"The stomach I have now has a brain connection:" changes in experiences of hunger and fullness following bariatric surgery.
The rate of obesity in the U.S. is at an all-time high of 42.4%, with 9.2% of cases falling in the severe obesity category. Bariatric surgery results in significant weight loss through two of the most popular options, sleeve gastrectomy and Roux-en-Y gastric bypass. One of the mechanisms through which these surgeries work is via the alteration of neural and hormonal appetite signaling, which leads to decreases in hunger and increases in fullness. The available measures for assessing hunger and fullness were not developed for use in bariatric surgery patients and do not capture physical hunger feelings or normal fullness. A longitudinal mixed-method study of 30 bariatric surgery patients (20% male, 20% African American) was designed to explore the physical and psychological feelings associated with hunger and fullness. Participants were recruited from an accredited bariatric surgery center and interviewed prior to surgery and 6 and 12-months after surgery. Transcripts were coded using a constant comparative method. Themes were created using a grounded theory approach. Different pathways were discovered such that participants' experiences of hunger and fullness varied compared to each other, as well as over time. Hunger had physical and psychological qualities, whereas fullness was generally only described as being physical. These results suggest that pre-surgery and post-surgery counseling should be customized in regard to appetite. Measures should be developed to better capture the true experiences of hunger and fullness among bariatric surgery patients.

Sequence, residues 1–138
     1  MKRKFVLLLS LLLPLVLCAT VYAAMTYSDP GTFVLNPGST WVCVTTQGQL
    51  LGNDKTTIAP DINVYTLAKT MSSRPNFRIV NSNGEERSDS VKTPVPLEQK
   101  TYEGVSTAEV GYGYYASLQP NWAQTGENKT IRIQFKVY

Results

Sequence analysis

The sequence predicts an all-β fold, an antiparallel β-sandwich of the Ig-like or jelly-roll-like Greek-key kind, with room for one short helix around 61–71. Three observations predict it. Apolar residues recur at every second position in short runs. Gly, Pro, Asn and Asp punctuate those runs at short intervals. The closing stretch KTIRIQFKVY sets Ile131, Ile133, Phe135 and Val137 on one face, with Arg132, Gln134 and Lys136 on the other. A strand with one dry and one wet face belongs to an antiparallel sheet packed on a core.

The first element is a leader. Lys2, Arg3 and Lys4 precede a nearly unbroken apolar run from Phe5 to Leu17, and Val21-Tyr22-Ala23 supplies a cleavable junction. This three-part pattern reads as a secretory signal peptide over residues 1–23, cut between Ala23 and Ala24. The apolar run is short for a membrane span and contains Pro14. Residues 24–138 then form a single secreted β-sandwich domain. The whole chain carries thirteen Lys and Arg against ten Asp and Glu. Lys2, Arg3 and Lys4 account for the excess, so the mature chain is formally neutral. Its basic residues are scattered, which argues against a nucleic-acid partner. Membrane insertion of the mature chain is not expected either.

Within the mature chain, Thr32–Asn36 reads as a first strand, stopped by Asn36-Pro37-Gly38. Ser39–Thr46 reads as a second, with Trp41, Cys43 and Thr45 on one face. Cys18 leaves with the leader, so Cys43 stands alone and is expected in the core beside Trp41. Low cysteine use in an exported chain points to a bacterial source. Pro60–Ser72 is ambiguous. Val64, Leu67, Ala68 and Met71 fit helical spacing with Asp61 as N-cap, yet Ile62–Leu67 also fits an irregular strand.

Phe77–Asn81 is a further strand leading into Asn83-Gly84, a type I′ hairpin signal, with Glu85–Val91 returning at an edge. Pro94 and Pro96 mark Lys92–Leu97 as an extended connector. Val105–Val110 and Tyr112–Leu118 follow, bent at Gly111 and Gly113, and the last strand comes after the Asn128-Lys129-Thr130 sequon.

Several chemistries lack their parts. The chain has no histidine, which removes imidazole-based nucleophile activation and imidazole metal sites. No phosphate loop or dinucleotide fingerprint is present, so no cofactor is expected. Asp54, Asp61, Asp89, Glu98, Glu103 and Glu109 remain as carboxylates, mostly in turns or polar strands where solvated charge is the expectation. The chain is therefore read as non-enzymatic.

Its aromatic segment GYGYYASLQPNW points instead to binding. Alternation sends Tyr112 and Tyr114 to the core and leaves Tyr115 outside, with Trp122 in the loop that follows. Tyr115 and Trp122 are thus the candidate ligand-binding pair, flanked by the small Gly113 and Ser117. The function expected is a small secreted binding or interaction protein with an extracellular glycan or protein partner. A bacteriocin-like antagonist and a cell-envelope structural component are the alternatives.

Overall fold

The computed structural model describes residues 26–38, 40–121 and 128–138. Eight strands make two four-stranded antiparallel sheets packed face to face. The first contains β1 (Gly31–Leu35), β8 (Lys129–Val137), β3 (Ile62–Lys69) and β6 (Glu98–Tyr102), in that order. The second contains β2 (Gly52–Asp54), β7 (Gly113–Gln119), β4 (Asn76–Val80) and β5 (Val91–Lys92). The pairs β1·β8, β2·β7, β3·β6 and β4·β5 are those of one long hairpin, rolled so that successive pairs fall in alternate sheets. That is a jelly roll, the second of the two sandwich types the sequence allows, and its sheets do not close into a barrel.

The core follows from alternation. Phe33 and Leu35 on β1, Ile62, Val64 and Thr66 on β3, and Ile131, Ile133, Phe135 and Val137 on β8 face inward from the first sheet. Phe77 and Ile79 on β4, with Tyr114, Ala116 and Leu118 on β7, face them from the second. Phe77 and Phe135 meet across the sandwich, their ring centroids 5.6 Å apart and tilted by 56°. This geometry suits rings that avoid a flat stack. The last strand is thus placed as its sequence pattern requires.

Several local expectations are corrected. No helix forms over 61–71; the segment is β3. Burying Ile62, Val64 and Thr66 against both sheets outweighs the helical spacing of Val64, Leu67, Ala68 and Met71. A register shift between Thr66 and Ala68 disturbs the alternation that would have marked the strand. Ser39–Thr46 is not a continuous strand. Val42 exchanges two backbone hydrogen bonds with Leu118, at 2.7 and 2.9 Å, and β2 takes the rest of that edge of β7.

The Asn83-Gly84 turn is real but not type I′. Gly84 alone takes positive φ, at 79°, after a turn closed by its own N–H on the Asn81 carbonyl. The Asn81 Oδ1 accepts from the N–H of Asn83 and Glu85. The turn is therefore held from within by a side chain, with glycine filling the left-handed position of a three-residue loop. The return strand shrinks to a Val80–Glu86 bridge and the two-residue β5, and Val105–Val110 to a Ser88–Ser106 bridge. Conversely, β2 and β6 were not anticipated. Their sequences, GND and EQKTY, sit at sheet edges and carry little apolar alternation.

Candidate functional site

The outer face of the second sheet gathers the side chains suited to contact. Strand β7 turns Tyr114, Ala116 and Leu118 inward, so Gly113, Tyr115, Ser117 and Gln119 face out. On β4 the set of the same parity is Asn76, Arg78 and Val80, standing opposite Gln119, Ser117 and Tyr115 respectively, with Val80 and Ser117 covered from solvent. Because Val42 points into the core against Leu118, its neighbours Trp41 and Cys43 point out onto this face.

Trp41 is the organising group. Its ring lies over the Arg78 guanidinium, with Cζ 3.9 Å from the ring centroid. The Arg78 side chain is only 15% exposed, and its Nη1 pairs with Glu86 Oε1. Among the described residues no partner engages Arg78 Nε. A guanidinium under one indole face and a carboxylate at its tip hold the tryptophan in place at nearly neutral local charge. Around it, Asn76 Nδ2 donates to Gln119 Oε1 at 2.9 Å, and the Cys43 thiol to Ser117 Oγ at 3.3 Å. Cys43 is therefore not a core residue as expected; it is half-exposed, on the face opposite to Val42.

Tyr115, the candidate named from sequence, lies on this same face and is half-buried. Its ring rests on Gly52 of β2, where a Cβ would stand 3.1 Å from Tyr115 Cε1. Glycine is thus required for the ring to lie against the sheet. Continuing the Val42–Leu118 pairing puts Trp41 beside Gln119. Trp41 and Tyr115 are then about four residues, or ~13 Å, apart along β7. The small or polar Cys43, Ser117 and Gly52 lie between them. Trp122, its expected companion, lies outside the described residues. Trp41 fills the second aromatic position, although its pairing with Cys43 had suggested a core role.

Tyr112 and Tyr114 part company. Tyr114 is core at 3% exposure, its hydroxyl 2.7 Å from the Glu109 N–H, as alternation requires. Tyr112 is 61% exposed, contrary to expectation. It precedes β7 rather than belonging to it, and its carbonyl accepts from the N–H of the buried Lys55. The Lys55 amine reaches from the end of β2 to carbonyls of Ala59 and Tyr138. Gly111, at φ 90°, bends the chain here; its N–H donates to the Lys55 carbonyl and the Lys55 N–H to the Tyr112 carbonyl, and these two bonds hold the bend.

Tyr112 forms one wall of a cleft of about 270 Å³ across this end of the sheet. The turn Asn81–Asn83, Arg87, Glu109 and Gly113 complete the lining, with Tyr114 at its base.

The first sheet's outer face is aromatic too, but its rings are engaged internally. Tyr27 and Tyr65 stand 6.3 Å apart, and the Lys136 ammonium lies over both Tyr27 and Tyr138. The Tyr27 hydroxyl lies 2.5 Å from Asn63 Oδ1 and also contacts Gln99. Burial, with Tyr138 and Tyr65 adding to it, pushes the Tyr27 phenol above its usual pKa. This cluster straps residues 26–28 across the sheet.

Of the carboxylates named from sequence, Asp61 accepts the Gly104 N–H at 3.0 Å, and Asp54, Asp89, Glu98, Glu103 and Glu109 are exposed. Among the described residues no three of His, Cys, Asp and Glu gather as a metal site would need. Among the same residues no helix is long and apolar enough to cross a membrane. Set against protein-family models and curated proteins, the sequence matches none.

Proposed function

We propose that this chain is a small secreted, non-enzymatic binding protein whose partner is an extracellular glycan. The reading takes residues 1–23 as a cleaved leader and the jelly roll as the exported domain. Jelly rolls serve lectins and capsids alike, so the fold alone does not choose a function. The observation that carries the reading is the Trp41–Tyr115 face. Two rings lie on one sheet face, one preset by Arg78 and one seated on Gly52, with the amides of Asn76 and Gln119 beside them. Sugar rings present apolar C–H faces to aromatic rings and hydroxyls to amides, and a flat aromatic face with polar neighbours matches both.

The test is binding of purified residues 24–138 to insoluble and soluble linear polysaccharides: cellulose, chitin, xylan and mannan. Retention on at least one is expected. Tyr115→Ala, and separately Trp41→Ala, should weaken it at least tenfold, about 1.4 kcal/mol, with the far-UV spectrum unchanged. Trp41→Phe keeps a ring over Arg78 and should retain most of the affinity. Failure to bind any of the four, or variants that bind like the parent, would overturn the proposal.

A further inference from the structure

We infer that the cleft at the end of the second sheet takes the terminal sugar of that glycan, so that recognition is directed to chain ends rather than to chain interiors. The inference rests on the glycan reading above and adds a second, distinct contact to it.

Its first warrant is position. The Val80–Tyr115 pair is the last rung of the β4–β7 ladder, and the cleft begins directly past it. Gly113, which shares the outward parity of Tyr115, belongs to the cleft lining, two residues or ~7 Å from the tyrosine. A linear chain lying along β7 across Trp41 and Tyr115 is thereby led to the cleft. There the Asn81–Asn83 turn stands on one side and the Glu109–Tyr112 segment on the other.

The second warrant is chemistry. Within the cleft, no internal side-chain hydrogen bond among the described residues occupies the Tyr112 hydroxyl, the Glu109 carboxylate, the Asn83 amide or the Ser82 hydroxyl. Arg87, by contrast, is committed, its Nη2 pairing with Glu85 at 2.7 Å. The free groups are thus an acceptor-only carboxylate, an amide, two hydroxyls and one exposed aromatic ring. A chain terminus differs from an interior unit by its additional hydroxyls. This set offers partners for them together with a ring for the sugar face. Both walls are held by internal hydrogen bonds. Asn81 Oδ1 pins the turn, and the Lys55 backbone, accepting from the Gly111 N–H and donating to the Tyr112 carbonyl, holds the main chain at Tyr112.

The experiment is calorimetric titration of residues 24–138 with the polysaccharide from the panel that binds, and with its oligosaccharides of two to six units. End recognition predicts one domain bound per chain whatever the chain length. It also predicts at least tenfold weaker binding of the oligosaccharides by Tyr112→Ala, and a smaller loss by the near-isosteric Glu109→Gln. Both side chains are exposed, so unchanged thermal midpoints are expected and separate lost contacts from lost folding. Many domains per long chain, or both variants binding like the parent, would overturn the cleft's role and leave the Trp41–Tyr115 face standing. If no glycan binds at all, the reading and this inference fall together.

Online ahead of print
Lynch A, Kozak AT, Zalesin KC. "The stomach I have now has a brain connection:" changes in experiences of hunger and fullness following bariatric surgery. Appetite. 2022 Aug 6;179:106271. doi: 10.1016/j.appet.2022.106271. Epub ahead of print. PMID: 35940336.